Redirect your Github pages!
When I realized that the username Schneegans is available on Github, I knew that I had to do something…
How to redirect Github Pages
When you change your Github username, you are greeted with the following warning (emphasis by me):
- We will not set up redirects for your old profile page.
- We will not set up redirects for Pages sites.
- We will create redirects for your repositories (web and git access).
- Renaming may take a few minutes to complete.
Since there are quite a few websites on the internet linking to pages of my blog, I needed to setup some redirection manually. To do this, I registered a new Github user with my old username Simmesimme and created a repository for the Github pages of that new user. Here are the two repositories:
- https://github.com/simmesimme/simmesimme.github.io: The new user account with the old repository name.
- https://github.com/schneegans/schneegans.github.io: The renamed user account with the renamed repository.
When you look at those, you can see that the first repository which will be published to my previous URL (https://simmesimme.github.io) contains an html file for each page which existed when I changed my user name. These html files simply redirect to their new location at https://schneegans.github.io.
As there are quite a lot of html files to create, I set up a simple shell script to do this job for me. If you are in a similar situation, this may help you as well!
The Shell Script & the HTML Template
Let’s assume that you have the two repositories cloned next to each other. Let’s call them
olduser.github.io (simmesimme.github.io in my case) and
renamed.github.io (schneegans.github.io in my case). First create a script called
create.sh and a
template.html.in file in
olduser.github.io. In the template you need to insert four times your
#!/bin/bash # This script can be used to create a redirection copy of your # website! It copies a directory structure containing html files from # $INPUT_DIR to $OUTPUT_DIR. For each html file in $INPUT_DIR, a copy # of template.html.in is created in $OUTPUT_DIR. Then, all occurences # of @FILE@ in the template are replaced with the name of the copied # file. # The output dir is assumed to be the location of this script. OUTPUT_DIR="$( cd "$( dirname "$0" )" && pwd )" cd $OUTPUT_DIR # The input dir must be passed as first parameter. INPUT_DIR="$1" find $INPUT_DIR -name "*.html" -printf "%P\n" | while read file; do mkdir -p $(dirname $file) cp template.html.in $file sed -i -e "s~@FILE@~$file~g" $file done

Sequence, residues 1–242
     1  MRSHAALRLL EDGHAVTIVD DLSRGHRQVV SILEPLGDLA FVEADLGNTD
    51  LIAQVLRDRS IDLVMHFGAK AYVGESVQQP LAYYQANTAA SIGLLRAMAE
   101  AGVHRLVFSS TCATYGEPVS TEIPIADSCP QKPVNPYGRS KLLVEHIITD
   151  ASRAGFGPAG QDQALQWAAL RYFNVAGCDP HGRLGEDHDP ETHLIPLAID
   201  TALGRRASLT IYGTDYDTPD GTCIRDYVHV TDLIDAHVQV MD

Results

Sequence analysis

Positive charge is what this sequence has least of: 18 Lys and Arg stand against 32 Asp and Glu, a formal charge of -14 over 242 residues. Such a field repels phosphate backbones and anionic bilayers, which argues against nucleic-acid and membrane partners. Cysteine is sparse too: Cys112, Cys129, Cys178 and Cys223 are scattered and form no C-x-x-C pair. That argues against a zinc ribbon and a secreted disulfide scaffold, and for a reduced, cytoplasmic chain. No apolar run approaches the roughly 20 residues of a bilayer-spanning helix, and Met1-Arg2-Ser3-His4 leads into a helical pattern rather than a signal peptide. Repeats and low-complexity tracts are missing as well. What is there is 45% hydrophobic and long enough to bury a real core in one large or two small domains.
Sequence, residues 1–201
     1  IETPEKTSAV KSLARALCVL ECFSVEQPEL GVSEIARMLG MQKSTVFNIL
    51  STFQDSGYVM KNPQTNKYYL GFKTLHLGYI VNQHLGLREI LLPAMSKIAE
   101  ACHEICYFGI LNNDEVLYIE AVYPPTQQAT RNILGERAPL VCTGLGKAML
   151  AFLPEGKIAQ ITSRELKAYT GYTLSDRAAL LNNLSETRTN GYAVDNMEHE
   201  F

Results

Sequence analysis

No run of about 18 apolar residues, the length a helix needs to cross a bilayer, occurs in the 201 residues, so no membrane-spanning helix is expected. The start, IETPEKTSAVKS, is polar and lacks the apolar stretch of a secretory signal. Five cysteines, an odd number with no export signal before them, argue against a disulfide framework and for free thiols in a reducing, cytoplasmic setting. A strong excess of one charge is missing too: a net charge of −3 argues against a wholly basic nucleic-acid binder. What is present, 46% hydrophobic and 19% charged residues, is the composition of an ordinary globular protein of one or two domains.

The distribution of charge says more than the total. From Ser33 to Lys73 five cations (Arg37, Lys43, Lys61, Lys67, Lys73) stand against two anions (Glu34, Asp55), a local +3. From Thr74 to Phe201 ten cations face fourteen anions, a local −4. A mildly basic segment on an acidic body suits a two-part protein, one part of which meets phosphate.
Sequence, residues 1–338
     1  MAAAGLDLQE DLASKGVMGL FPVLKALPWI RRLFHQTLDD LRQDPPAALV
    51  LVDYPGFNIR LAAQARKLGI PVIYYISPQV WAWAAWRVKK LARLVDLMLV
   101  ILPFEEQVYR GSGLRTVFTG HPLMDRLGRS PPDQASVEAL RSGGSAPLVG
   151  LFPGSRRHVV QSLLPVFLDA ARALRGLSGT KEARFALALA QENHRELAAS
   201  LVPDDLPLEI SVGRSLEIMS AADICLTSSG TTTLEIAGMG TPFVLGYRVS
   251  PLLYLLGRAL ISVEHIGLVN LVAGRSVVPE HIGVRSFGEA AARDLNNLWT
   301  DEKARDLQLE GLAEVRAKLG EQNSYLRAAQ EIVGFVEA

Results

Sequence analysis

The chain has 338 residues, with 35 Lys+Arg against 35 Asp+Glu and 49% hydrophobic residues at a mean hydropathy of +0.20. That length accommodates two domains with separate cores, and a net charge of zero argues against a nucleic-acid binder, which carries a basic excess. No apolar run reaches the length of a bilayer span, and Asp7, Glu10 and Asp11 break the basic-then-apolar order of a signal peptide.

<!DOCTYPE html> <html> <head> <meta charset="utf8"> <meta http-equiv="refresh" content="0; url=https://renamed.github.io/@FILE@"> <link rel="canonical" href="https://renamed.github.io/@FILE@"> <title>This page has moved</title> </head> <body> <p> This page has moved. Redirecting you to <a href="https://renamed.github.io/@FILE@"> https://renamed.github.io/@FILE@ </a> </p> </body> </html>
Then you can execute the script. As an argument you give the path to the jekyll-generated
_site directory of your
cd olduser.github.io chmod +x create.sh ./create.sh ../renamed.github.io/_site
That’s it! Now you have set-up a redirection page for each html file!